The LASER drifter is a new surface drifter that is compact, cost-effective, and biodegradable. It accurately follows the current over the upper 0.60m, with very limited influence of the wind or waves. A series of experiments was carried out in the ASIST wind-wave flume to evaluate the water following capabilities of the drifter in the presence of strong winds and waves. The trajectories of the CODE drifter and the LASER drifter were compared during short deployments in the ocean. This dataset contains the drifter's velocity measured in the tank under different current, wind and waves conditions. It also contains the trajectories of the drifters in the ocean.
Guillaume Novelli, Cédric M. Guigand, Tamay M. Özgökmen. 2017. Lagrangian Submesoscale Experiment (LASER) drifter calibration. Distributed by: Gulf of Mexico Research Initiative Information and Data Cooperative (GRIIDC), Harte Research Institute, Texas A&M University–Corpus Christi. doi:10.7266/N7VH5KWX
The purpose of this dataset is to quantify the water following capabilities of the novel surface drifter design.
Data Parameters and Units:
drifter's trajectories (positions and UTC time), velocity profiles (m/s), date time (MM/DD/YYYY HH:MM), wind speed (m/s), direction (the direction the wind is coming from in degrees clockwise from true N), gusts (m/s), air temperature (deg C), barometric pressure (hectopascal), average wind direction (towards) each deployment, average wind speed each deployment, deployment number
For a variety of controlled flow, we compare the drifter's velocity to the measured (by PIV and dye-tracking) horizontal Lagrangian velocity depth-averaged over the drifter's draft. In the field we compare the trajectories of the LASER drifter and the CODE drifter.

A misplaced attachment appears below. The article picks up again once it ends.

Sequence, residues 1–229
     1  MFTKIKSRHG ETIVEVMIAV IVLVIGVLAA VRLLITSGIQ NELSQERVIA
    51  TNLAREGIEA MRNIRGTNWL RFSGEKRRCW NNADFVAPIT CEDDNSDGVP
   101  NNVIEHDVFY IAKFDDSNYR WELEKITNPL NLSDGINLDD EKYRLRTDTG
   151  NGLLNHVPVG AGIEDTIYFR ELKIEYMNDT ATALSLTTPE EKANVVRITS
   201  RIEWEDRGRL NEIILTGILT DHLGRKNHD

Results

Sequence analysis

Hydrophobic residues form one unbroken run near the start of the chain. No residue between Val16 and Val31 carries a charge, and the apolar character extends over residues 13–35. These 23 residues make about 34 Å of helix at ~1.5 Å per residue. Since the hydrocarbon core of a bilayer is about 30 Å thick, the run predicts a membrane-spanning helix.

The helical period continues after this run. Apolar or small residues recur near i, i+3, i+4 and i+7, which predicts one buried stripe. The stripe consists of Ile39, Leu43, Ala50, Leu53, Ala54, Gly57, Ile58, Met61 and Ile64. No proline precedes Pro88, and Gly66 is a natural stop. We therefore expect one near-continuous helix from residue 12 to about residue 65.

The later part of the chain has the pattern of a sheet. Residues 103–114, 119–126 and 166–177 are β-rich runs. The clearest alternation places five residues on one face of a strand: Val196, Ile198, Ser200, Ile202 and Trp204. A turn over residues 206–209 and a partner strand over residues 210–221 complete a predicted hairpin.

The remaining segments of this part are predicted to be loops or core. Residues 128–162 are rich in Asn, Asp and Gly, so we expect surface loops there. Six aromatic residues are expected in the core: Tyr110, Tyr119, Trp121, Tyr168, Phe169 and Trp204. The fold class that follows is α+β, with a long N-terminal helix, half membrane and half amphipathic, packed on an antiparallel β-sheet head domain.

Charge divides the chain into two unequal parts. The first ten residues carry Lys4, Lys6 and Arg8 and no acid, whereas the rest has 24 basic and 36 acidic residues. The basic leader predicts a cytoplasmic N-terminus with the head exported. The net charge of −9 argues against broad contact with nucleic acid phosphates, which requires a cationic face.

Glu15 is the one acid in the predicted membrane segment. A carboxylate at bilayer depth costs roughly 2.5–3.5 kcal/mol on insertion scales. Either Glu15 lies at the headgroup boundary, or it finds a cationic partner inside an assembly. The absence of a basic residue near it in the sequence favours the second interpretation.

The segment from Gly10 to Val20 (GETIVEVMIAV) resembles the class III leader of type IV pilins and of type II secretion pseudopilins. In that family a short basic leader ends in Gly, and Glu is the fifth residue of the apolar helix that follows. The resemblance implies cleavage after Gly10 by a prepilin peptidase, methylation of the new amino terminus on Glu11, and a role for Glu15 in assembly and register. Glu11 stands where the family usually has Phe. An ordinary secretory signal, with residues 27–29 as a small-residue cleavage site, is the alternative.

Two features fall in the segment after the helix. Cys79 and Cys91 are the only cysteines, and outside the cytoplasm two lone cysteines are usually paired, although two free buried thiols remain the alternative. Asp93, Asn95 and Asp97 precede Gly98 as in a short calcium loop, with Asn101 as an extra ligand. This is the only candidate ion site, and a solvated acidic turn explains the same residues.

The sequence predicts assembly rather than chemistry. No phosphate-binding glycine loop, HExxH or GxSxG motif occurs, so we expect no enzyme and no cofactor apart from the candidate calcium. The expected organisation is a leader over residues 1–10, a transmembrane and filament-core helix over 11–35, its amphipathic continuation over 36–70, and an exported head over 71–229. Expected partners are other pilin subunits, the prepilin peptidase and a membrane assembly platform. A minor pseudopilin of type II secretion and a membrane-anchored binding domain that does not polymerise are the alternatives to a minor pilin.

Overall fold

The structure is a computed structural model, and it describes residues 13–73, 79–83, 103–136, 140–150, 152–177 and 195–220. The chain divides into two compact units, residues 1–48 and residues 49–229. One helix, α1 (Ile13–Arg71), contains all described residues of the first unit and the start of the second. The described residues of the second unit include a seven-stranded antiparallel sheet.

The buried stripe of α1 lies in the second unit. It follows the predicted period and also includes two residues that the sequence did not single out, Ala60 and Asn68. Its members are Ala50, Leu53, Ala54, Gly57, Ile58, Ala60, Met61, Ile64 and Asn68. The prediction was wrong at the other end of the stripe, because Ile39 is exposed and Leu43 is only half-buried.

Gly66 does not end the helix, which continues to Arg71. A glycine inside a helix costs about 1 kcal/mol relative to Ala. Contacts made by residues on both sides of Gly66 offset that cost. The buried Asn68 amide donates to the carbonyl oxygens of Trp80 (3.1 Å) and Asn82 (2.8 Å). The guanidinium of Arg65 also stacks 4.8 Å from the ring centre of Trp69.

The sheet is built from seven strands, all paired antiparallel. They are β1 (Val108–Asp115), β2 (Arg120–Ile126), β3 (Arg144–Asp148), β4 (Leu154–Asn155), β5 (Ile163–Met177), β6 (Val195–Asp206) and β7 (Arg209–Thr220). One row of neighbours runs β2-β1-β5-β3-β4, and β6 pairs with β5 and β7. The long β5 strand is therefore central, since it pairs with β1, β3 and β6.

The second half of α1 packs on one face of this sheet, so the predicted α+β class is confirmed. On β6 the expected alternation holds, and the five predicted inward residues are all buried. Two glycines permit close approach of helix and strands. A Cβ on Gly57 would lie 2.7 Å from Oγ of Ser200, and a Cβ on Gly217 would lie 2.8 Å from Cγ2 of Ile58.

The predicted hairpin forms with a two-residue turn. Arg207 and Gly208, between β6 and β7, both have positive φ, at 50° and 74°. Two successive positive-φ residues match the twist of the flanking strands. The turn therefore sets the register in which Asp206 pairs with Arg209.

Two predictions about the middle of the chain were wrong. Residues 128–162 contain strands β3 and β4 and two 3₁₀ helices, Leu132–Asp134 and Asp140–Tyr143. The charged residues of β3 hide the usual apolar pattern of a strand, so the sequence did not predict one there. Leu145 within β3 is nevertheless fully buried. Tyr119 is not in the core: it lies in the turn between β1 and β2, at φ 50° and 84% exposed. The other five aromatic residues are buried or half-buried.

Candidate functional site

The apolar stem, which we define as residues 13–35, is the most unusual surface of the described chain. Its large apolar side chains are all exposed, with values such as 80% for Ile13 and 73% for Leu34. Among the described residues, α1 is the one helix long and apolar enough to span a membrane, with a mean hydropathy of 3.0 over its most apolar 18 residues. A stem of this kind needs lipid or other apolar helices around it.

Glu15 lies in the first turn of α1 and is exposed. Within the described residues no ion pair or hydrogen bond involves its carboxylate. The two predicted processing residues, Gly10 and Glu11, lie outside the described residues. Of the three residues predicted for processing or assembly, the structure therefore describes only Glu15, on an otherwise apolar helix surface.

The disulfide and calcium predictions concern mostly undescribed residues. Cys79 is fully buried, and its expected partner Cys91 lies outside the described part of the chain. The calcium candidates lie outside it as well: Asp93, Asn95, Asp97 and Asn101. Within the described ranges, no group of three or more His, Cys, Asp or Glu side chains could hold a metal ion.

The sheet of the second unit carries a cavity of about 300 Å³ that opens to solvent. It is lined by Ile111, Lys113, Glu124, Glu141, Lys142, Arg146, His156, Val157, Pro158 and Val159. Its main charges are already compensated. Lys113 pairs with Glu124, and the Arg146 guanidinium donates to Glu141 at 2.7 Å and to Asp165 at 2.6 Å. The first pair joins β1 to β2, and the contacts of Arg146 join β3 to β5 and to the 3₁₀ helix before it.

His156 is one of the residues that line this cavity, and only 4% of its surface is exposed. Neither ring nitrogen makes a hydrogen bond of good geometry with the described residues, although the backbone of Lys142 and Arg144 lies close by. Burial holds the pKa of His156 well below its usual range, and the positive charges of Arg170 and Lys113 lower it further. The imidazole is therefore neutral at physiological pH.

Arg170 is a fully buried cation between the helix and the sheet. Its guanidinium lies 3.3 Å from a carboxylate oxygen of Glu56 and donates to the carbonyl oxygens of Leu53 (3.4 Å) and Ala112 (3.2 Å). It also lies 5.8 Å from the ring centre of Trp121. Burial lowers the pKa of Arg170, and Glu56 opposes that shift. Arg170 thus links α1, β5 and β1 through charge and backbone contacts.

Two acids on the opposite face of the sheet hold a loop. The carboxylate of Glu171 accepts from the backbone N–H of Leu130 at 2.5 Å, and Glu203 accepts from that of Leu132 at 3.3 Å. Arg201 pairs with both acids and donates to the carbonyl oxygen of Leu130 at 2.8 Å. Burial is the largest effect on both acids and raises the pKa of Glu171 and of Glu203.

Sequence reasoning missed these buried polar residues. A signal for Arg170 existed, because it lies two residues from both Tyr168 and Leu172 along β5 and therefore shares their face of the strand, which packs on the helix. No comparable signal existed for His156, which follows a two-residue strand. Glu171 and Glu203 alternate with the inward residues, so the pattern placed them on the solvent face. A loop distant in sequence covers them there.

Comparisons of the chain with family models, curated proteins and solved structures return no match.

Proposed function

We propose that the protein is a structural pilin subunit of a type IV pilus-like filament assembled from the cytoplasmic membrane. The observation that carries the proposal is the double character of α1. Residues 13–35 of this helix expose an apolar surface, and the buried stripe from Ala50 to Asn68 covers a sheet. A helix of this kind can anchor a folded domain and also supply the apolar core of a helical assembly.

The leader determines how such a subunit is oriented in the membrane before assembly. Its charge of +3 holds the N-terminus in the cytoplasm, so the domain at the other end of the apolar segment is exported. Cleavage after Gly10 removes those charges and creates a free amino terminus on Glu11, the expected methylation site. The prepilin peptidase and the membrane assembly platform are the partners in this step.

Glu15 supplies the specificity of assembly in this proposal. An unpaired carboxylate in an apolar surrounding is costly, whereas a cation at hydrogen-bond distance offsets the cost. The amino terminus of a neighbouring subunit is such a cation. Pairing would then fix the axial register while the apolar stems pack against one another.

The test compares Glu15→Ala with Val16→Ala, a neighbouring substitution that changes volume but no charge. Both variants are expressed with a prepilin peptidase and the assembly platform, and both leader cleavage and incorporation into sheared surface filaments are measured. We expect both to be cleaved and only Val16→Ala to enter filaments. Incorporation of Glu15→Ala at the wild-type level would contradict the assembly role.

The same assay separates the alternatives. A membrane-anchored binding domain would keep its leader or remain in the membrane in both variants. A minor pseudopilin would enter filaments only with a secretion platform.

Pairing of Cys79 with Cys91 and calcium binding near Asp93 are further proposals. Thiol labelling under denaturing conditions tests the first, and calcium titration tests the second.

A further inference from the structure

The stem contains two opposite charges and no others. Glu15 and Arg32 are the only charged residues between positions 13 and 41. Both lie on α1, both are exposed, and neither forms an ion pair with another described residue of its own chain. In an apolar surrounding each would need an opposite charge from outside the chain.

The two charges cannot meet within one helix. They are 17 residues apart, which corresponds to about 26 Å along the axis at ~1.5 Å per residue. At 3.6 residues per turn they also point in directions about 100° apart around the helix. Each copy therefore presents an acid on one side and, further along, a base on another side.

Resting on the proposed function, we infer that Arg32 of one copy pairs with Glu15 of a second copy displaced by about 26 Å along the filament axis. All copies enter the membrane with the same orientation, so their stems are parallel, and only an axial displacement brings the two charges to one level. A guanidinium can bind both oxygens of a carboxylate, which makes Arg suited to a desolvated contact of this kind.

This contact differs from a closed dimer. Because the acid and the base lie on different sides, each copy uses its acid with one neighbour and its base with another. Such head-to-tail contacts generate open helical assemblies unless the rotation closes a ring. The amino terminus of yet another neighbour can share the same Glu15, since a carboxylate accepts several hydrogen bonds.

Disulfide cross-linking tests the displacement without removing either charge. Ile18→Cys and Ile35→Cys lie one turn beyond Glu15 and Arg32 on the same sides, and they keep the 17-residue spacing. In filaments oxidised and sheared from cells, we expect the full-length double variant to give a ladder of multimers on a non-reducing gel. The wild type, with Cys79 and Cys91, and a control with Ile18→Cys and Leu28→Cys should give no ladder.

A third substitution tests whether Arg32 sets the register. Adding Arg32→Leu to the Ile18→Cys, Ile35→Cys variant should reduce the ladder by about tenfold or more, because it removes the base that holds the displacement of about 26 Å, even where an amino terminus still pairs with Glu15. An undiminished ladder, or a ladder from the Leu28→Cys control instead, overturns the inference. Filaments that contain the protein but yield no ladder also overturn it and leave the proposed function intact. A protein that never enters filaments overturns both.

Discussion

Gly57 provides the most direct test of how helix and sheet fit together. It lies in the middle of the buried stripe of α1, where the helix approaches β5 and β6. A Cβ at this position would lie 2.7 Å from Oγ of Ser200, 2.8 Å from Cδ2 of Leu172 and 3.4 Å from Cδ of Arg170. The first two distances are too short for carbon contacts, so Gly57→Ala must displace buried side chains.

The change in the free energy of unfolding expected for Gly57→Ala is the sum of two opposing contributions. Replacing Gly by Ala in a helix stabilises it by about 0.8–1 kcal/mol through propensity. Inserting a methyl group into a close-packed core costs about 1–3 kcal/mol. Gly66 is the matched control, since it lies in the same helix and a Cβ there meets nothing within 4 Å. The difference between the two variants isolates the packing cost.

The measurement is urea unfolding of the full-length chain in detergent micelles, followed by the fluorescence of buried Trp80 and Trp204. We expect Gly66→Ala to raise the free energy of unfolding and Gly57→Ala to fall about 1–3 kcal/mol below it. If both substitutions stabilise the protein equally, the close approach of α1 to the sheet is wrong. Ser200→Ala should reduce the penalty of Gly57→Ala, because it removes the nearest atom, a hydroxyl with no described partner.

We used the Air-Sea Interaction Saltwater Tank (ASIST) at the University of Miami's SUSTAIN (Surge-Structure Atmosphere Interaction) facility, which offers the possibility to control the flow via a water-pump, a paddle wave-maker and a wind generator. The acrylic flume is 15 meters long, with 1 m by 1 m cross-section, and a mean water depth set to 0.43 m. A permeable wave-absorbing sloped beach is installed at the downwind end. The sampling window is a 1.60 m long section of the flume, located at equal distance ($\sim$ 6 m) from the inlet and the outlet of the flume to minimize any boundary effects. The wind speed in the tunnel was monitored by a sonic anemometer located in the sampling window, 0.285 m above the mean water level. Two wave-gauges (partially submerged conductivity probes) were installed at two different locations in the sampling window to make sure the wave field was homogeneous in the measurement area. Subsurface Eulerian current profiles were measured by Particle Image Velocimetry (PIV). Food-dye droplets, released just above the free surface, were filmed at 30 frame-per-second by a camera mounted on the side of the tank and looking slightly upwards.